People stand for the Pledge of Allegiance before the arrival of US president Donald Trump for ‘The Great American Comeback Rally’ at Cecil Airport, Florida on 24 September. Photograph: Joe Raedle/Getty Images
Decisions in this vital swing state are made in two different realities, one adherent to facts and science, the other rooted in conspiracies and political dogma
by Oliver Laughland in Florida – The Guardian
If you wanted a symbol for Donald Trump’s complete takeover of the Republican party, you could do little better than a nondescript shopping mall on the outskirts of Largo in west Florida.
This is a usually quiet intersection in Florida’s quintessential bellwether county, Pinellas, which has voted for the winning presidential candidate in every election since 1980 (bar the disputed 2000 race won by George W Bush).
But eight months ago Cliff Gephart, an enthusiastic Trump supporter and local entrepreneur, transformed a vacant lot – formerly a strip club – into a thriving coffee shop devoted to the president. Business at Conservative Grounds is roaring, despite the pandemic, with hundreds and, they claim, occasionally over a thousand customers, dropping by each day for a cup of coffee, a chat about politics and to purchase from a plethora of Trump themed merchandise. No-one is social distancing or wearing a facemask.
In 2016, the narrative of the so-called “secretive Trump voter” went part of the way to explaining the billionaire property magnate’s unexpected pathway to the White House. But now, in Pinellas as in many parts of the country, Trump supporters are out in force, unafraid, empowered and organised.
Every section inside this place is designed for social media posting – there’s a second amendment wall filled with decommissioned firearms, a gumball machine stocked with spent ammunition (it doesn’t vend), and a coffee machine decorated with slurs against Democrats. At the back is a scaled reproduction of the Oval Office itself, complete with a replica Resolute Desk, cardboard cutouts of the President and first lady, and a Martin Luther King bust, wearing a red Trump 2020 cap.
I ask Gephart, a heavily built, stubbled 50-year-old, whether he thinks people might be offended by the latter. (Martin Luther King’s children are staunch critics of the president, and Trump declined to celebrate the life of civil rights icon John Lewis after his death in July.)
“Everything offends everybody these days,” he says.
This coffee house is not just a business proposition, it is a marker of the political capital now held by grassroots Trump activists around the country. The business threw its weight behind an outsider candidate in this congressional district’s Republican primary who went on to win the race against an establishment conservative. It was the driving force behind a Trump flotilla that saw over 1,000 people take to the waters last month, drawing praise from the president himself.
But Gephart is coy about his newfound political power and organising capacity.
“We didn’t intend for it to be that, we just intended for it to become a place where people could come and socialise and have a cup of coffee, we often call it a camaraderie shop. And that camaraderie is bleeding into campaigns now too.”
There is little camaraderie when a customer labels me “fake news” and, despite his outwardly friendly demeanor, Gephart’s public Facebook page is littered with vitriolic memes, sometimes laced with Islamophobia and misogyny, which are mainstream in conservative online culture these days.
Conservative Grounds felt like a poignant place to start a road trip around America, six weeks before an election that both sides agree is the most important in a generation. This is the opening chapter of the Guardian’s Anywhere But Washington 2020 series, in which I travel to various swing states with filmmaker Tom Silverstone. Donald Trump won Pinellas County by a tiny 1% margin in 2016, and if Joe Biden wants to win back this vital swing state, he’ll need this county to turn Democrat again as it did twice for Barack Obama.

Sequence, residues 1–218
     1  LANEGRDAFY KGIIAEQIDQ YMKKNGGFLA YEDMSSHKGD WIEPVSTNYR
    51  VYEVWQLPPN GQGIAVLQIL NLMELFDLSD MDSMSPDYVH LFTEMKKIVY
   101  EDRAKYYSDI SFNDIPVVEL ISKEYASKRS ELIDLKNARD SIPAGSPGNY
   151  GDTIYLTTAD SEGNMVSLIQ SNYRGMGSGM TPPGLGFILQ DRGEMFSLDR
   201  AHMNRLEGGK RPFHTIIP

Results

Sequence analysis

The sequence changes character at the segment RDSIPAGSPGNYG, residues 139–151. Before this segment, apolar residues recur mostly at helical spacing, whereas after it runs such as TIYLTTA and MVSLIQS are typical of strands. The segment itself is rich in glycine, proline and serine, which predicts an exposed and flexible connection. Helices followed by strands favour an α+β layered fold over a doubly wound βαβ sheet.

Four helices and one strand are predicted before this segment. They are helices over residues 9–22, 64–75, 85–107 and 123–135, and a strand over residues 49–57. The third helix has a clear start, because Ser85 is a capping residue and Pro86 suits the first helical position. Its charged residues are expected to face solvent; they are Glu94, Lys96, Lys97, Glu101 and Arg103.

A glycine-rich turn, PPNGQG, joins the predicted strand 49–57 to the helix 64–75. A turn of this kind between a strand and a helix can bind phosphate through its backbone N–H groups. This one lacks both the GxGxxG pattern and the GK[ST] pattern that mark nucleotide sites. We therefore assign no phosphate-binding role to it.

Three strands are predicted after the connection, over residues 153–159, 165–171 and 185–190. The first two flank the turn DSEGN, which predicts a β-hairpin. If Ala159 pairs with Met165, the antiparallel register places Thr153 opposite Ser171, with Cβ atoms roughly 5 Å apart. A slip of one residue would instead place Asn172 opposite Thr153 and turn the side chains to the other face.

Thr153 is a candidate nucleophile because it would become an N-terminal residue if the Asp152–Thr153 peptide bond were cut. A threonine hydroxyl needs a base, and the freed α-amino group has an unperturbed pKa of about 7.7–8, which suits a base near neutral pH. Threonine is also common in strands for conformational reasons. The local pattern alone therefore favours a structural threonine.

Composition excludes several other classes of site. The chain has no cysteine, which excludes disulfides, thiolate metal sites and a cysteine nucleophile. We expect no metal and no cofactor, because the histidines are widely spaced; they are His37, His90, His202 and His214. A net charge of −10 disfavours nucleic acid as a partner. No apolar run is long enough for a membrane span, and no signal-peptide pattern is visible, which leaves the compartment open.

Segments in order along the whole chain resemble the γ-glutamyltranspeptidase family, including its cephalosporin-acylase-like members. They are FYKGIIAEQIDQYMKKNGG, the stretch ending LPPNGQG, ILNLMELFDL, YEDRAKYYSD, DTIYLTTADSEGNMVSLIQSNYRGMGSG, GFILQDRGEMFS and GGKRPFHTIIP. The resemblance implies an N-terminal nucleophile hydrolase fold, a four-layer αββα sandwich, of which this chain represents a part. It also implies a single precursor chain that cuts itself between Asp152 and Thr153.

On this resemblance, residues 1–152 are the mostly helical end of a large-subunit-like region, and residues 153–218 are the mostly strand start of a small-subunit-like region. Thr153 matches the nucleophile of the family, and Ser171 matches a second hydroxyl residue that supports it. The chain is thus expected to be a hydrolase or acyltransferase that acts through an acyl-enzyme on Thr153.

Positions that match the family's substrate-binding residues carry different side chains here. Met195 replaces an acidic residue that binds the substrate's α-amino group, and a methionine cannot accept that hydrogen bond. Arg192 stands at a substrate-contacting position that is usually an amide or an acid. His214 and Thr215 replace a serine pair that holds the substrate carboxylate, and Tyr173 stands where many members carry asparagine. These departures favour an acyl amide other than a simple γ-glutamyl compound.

There are few pathways back to the White House for Donald Trump without winning Florida, a perennial swing state holding a critical 29 electoral college votes. A month ago Joe Biden held a commanding lead in the polls here, but that has tightened to an average of just 1.9% in recent days. At this stage it seems likely that Florida will once again go down to the wire, a daunting prospect as Trump last week declined to commit to a peaceful transfer of power if he loses the election.
The pandemic has curtailed official campaigning on both sides, but the election feels very alive here, particularly on the Republican side where toxic politics can often bubble over into overt racism on the turn of a dime.
The day after our visit to the coffee shop we head to a Trump flag-waving event at the recommendation of Gephart. It’s being held next to a drawbridge that connects the city to the white sands of Madeira Beach, and it takes only a few minutes for things to turn dark.
As the drawbridge lifts, the flag wavers, numbering around 50, flood out onto the road and confront a car of four young Latina women who tell me they are all Biden supporters.
“How do you like trying to find things in the grocery store?” shouts one flag waver at the women. “Because that is socialism my dear.” The women have their windows down and blare out the radio in an attempt to drown the flag wavers out.
“You ungrateful pieces of crap,” the flag waver, who is white, continues. “Get out of our country.”
As we move to question her, we’re met with chants of “shame on you” from others in the group who accuse us of being “agitators”. We decide to leave, and we’re followed back to our car by a man carrying a sign that says: “Democrats support mobs”. .
Biden made his first trip to the state as the Democratic nominee earlier in the month, seeking to bolster support among Latino voters by slamming Trump’s botched handling of the response to Hurricane Maria, the storm that decimated the US territory of Puerto Rico in 2017 leading thousands to leave the island for refuge here.
Trump visited the state again last Thursday, shortly before announcing Amy Coney Barrett as his nominee to fill the seat on the Supreme Court after the death of Ruth Bader Ginsberg.
Despite both candidates outwardly chasing diverse voting constituents amid Florida’s rapidly changing racial demographics, this state is still 54% white and Trump’s core voter here in 2016 was overwhelmingly white and older. Biden’s campaign is looking to draw away a portion of those who went for Trump last time around.